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Development of source functions for modeling dissolution of residual DNAPL fingers in the saturated zone
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After more than a decade of effort to remediate many waste sites, it has become evident that a major obstacle to meeting F-PA,s 'clean-closed, standard is the presence Of dense non-aqueous phase liquids at many con contaminated sites. These chemicals are characterized by low aqueous solubility, a greater density water, toxicity to humans at low concentrations, and Persistence of the source for tens to hundreds of years. The particular source of interest in this research is a residual DANIEL fmger in the saturated zone. Modeling dissolution from a residual fmger can be approached in one of two ways: as an equilibrium process or as a rate dependent kinetic process. Development of a source term for modeling the dissolution from remediation DNAPL is necessary in Order to Predict the fate of the dissolved con evaluate the persistence of the source, and plan the remediation of a DNAPLcontaminanted site. Two source terms for modeling the dissolution from a residual fmger m the saturated zone are developed: a local equllibrium model and a Idnetic mass transfer rate coefficient model. Fach of these terms were then -mcorporated into the United States Geological Survey's method of Characteristic (MOC) code and their accuracy and reliability were evaluated by comparing model predictions to published results of DNAPL dissolution experiments.. The local equllibrium approach assumes that local equilibrium conditions are achieved rapidly at the interface between the residual DNAPL globule and the flowing ground water. Assumming that local equilibrium conditions were acheived within the first hour hour of contact produced a poor fit of predicted to experimental values. However, an equilibrium model which assumes that equilibrium conditions are not achieved until the ground water has been in contact with approximately 10 centimeters of contaminated media produced an excellent fit between predicted and experimental values. In the mass transfer rate coefficient model, a mass transfer rate coefficient is determined from dimensionless numbers which are dependent on porous media and fluid characteristics. Several experimental correlations were used to calculate the mass transfer rate coefficient with the correlations determined by Pfannnkuch (1984) and Wilson and Geankopolis (1966) producing the best fit of numerical to experimental data.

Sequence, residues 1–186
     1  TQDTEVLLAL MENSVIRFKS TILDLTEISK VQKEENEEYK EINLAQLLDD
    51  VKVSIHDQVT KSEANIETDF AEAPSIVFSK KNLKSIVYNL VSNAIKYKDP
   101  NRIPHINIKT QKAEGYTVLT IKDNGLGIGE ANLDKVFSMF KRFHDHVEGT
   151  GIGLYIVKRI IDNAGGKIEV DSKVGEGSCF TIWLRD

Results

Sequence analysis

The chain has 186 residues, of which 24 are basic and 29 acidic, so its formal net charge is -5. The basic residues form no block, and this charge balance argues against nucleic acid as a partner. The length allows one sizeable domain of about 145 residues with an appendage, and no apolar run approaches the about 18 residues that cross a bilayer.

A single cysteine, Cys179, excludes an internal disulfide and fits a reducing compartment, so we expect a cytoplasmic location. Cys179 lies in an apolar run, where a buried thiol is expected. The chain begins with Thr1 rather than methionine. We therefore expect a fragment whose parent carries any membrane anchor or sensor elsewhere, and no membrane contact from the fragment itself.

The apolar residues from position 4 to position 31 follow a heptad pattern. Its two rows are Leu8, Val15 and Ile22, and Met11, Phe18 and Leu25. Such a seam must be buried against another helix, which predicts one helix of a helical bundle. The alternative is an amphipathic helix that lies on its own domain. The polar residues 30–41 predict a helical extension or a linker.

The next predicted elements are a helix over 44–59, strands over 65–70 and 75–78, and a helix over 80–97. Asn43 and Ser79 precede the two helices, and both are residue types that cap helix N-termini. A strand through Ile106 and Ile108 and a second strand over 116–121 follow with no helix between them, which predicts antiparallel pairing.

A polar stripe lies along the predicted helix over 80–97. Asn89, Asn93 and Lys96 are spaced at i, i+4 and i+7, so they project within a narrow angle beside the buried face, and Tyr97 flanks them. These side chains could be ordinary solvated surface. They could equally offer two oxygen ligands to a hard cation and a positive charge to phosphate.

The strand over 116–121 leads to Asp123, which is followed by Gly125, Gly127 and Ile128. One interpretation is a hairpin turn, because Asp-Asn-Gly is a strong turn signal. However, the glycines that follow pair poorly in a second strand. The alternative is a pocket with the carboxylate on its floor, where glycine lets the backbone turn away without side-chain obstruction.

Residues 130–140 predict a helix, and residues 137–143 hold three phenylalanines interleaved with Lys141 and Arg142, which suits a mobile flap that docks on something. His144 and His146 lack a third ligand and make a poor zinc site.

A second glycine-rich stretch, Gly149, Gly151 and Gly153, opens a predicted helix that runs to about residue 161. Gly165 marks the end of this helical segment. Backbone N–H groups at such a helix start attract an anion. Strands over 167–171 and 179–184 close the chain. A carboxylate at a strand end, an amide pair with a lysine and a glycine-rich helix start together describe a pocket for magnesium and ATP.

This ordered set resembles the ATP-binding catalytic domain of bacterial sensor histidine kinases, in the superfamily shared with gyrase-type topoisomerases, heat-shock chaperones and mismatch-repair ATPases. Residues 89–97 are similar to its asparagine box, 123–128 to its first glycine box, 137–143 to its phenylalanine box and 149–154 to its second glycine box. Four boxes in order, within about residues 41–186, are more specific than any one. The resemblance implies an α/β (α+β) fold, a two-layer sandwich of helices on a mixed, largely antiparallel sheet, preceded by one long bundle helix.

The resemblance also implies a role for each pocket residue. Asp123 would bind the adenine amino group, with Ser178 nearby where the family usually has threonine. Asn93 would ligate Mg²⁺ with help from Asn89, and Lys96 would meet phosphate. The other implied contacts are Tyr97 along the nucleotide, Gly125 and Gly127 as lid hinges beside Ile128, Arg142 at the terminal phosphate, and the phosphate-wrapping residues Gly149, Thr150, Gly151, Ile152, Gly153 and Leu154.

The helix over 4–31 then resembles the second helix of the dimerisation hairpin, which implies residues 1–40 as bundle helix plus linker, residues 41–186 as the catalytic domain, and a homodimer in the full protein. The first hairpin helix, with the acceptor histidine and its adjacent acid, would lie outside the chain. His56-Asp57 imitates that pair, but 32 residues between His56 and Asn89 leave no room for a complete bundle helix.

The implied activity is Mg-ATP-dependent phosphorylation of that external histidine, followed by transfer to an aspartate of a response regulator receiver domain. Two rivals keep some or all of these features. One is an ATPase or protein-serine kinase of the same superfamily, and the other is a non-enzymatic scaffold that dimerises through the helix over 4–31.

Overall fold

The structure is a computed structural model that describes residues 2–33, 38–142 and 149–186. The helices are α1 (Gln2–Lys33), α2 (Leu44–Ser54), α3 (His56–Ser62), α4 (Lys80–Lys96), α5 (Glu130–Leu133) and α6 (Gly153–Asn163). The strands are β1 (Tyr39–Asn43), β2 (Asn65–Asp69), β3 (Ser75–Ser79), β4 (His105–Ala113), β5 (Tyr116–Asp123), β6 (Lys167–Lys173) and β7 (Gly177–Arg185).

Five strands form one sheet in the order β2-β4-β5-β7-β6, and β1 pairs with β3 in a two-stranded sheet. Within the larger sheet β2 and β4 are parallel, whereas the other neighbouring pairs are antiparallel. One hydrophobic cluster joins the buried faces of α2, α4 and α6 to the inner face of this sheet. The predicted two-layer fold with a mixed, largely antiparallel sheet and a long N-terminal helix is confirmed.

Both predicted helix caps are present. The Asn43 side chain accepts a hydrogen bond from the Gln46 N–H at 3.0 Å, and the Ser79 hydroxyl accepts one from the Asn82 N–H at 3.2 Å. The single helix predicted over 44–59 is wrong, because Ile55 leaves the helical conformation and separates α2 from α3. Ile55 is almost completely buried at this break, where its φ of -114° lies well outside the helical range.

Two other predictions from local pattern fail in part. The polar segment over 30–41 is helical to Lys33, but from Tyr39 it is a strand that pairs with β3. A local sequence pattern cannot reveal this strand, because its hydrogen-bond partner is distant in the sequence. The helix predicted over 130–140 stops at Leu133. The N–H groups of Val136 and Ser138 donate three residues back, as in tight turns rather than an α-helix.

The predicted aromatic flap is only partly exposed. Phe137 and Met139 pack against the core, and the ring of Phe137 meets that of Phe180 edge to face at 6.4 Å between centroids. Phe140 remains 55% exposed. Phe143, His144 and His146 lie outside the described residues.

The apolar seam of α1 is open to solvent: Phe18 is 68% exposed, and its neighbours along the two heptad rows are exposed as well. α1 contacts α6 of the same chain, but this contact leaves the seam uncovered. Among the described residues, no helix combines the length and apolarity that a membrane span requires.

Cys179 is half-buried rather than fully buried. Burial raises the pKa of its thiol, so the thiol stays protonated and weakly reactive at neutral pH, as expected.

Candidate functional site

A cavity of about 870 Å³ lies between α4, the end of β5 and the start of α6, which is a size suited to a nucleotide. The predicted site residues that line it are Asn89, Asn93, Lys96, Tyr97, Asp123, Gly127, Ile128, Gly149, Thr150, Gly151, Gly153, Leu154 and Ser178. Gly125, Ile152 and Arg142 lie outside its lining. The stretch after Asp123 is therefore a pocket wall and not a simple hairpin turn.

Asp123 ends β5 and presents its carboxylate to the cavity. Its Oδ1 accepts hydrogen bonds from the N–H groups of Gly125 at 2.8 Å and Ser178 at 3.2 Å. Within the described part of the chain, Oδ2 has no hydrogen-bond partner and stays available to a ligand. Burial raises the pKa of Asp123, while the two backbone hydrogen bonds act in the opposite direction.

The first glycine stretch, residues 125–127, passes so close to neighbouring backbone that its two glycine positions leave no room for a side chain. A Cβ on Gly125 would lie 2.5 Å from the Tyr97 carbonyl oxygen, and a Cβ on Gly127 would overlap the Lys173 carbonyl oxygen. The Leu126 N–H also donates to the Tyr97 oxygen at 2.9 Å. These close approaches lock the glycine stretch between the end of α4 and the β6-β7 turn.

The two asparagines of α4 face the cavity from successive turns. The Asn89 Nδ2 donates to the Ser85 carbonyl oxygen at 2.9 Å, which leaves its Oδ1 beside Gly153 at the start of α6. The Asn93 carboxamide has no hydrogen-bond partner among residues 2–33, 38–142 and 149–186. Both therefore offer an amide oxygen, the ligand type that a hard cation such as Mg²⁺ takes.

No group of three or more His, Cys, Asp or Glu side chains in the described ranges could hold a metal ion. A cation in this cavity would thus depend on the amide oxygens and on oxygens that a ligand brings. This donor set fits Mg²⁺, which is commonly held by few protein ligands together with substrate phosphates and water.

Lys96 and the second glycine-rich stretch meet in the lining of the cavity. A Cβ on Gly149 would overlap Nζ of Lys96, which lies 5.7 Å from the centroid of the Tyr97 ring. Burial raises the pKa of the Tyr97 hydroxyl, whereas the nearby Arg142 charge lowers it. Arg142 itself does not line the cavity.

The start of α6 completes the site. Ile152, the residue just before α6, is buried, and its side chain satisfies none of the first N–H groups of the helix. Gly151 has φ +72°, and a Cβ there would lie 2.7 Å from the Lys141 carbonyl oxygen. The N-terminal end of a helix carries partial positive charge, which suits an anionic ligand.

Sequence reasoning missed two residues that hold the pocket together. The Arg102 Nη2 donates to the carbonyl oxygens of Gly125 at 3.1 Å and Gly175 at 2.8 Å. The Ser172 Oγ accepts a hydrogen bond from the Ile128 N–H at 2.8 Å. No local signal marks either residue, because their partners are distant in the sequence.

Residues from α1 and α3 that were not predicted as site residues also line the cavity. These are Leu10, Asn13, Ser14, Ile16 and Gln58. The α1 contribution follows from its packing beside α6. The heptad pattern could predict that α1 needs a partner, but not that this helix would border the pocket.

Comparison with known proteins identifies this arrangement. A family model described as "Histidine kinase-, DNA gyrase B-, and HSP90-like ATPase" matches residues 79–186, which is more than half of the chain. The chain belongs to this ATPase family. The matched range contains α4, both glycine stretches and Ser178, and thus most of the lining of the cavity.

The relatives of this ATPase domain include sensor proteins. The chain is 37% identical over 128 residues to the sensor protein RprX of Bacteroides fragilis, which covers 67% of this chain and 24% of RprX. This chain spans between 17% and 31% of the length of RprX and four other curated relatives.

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Includes bibliographical references.
Johnson, Brian Scott (1993). Development of source functions for modeling dissolution of residual DNAPL fingers in the saturated zone. Master's thesis, Texas A&M University. Available electronically from
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